When Major Gryffth Hockaday is called to the front lines of the Civil War, his new bride is left to care for her husband’s three-hundred-acre farm and infant son. Placidia, a mere teenager herself living far from her family and completely unprepared to run a farm or raise a child, must endure the darkest days of the war on her own. By the time Major Hockaday returns two years later, Placidia is bound for jail, accused of having borne a child in his absence and murdering it. What really transpired in the two years he was away? To what extremes can war and violence push a woman who is left to fend for herself?
Told through letters, court inquests, and journal entries, this saga, inspired by a true incident, unfolds with gripping intensity, conjuring the era with uncanny immediacy. Amid the desperation of wartime, Placidia sees the social order of her Southern homeland unravel. As she comes to understand how her own history is linked to one runaway slave, her perspective on race and family are upended. A love story, a story of racial divide, and a story of the South as it fell in the war, The Second Mrs. Hockaday reveals how this generation—and the next—began to see their world anew.
I haven’t read much Civil War fiction, not even Gone with the Wind (don’t judge!) but this book is an epistolary novel. My ultimate catnip! You could set one in a period I know little about (Civil War) or a time and place I usually try to avoid (World War II Europe) and I will still come running. Letters! Inquiries! Diary entries, oh my! It’s a voyeuristic look at history and I love it.
Rivers handles the epistolary element wonderfully, giving the letter writers different voices that fit their personalities, situations, and the era. She did a massive amount of research and it shows.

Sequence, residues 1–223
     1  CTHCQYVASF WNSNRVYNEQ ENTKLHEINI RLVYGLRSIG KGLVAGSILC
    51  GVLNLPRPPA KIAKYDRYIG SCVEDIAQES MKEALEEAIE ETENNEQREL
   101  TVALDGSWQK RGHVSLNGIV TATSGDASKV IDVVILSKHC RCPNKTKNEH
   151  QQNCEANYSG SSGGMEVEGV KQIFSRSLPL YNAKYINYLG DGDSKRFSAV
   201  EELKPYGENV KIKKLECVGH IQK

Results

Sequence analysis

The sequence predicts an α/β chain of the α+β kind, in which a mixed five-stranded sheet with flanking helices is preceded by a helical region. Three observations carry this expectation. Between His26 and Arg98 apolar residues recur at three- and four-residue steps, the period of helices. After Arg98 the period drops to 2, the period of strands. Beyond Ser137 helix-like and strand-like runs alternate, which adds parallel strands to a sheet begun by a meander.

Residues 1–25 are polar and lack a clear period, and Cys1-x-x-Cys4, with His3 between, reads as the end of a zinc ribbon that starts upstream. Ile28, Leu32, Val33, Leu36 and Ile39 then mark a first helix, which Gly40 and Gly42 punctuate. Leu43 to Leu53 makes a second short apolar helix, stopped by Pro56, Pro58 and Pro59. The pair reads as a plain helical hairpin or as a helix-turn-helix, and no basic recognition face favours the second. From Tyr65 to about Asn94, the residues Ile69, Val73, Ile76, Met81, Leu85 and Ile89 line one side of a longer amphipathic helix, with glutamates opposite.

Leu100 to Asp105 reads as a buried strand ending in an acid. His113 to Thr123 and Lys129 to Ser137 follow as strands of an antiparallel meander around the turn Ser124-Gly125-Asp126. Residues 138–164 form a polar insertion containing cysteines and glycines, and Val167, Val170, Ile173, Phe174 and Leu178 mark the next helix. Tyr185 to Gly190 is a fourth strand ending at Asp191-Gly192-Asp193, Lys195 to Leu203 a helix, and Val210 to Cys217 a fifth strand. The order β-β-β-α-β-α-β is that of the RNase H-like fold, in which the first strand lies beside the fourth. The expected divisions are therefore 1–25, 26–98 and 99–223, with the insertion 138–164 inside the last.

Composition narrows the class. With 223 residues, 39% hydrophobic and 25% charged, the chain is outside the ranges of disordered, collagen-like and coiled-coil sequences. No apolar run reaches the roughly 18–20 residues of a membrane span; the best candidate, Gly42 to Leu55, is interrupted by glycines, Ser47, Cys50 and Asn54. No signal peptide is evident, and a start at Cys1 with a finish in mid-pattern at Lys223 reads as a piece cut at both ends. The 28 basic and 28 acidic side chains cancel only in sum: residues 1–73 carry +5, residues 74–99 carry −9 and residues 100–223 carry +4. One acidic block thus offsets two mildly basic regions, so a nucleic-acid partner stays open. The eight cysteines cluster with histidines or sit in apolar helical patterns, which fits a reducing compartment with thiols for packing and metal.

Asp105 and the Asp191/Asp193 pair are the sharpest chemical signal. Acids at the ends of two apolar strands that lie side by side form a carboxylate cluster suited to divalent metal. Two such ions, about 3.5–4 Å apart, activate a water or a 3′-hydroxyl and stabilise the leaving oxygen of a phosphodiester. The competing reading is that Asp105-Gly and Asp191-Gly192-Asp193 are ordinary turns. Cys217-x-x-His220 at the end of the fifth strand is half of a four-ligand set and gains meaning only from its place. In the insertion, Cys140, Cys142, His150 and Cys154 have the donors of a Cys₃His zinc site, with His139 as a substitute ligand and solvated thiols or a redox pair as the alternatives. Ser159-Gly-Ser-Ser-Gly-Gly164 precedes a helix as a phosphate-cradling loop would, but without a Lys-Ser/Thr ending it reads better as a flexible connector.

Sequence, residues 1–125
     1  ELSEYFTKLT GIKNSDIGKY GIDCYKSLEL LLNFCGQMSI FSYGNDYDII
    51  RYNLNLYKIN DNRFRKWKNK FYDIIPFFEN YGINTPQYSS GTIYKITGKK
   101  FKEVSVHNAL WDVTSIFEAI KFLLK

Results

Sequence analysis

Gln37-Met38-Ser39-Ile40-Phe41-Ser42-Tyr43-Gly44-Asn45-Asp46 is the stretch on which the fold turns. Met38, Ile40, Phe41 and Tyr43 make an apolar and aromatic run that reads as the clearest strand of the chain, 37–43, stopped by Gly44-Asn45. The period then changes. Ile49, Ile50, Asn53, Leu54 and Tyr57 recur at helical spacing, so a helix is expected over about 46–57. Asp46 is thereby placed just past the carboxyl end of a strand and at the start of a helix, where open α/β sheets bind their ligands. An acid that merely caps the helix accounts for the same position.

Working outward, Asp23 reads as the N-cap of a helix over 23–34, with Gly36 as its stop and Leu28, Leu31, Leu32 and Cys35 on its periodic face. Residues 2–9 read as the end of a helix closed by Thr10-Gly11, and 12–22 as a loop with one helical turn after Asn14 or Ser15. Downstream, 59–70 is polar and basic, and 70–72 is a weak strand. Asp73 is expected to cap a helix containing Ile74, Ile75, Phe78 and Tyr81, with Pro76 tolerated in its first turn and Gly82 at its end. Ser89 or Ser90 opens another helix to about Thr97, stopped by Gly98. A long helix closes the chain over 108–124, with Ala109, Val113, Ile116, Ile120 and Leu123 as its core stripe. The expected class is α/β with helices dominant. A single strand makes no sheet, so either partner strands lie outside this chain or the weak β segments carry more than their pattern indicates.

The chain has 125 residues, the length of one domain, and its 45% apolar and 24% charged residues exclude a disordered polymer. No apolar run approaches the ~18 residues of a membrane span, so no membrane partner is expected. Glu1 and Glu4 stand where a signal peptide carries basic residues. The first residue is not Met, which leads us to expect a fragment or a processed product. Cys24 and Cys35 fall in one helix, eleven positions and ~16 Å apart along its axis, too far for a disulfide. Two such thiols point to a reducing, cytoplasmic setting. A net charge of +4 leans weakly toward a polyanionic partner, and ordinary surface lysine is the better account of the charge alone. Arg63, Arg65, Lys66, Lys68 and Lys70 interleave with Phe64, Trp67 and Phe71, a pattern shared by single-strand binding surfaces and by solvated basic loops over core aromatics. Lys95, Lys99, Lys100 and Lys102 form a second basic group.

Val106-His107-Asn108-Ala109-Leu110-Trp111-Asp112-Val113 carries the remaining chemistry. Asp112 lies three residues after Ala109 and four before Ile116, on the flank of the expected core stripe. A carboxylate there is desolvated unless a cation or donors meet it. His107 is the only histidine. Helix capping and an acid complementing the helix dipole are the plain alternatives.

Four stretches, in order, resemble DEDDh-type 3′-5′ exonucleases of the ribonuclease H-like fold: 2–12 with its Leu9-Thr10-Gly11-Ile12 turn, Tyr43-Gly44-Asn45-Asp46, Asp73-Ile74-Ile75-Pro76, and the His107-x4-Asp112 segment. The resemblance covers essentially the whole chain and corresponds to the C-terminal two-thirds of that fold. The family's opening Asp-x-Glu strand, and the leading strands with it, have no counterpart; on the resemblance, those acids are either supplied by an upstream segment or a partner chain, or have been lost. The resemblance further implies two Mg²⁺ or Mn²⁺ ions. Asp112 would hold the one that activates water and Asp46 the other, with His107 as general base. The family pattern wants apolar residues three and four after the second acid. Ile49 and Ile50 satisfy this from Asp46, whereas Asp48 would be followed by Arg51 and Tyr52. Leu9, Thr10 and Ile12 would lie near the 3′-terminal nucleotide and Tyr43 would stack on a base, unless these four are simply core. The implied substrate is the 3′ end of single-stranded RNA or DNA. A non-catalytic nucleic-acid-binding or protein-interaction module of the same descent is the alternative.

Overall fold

From the beginning there’s an unreliable narrator – Placidia is tight lipped about the child she’s accused of bearing then burying, but rumors abound and neighbors swore they saw something odd. What really happened? Just when you think you have an idea the letters jump 30 years ahead in time – the South is very different now, and these letter writers are as curious as the reader about what transpired. While the shift was jarring it was in a “ooo, who’s this!” way, not a “waitwaitwait what the heck happened” way.
It’s hard to talk about the rest of the story without giving things away but the second part of the book sucked me in more than the first. More than the new characters the promise of an answer to the mystery kept me reading. The ending brought closure to the main storyline and hints at the futures of many of the letter writers, but not all. It didn’t bother me, as now I can think about those characters and where life may have taken the.
The language and attitudes fit the times so if you’re sensitive about how slaves were (mis)treated you may want to skip this book. When I read about the South it’s usually scholarly works about the black experience so the jump into plantation owners’ heads rattled me. The book isn’t “yay slavery!” by any means, but it’s a dose of a reality I don’t spend much time in.
The Second Mrs. Hockaday is a bit out of my wheelhouse but I still enjoyed the writing and where the story took me. I also like knowing that the fiction is rooted in fact, right down to the timing of battles. I can’t enthusiastically recommend it to everyone, but if you like reading epistolary novels or about the Civil War you’ll probably fall in head over heels.
Thanks to Algonquin Books and NetGalley for providing a review copy.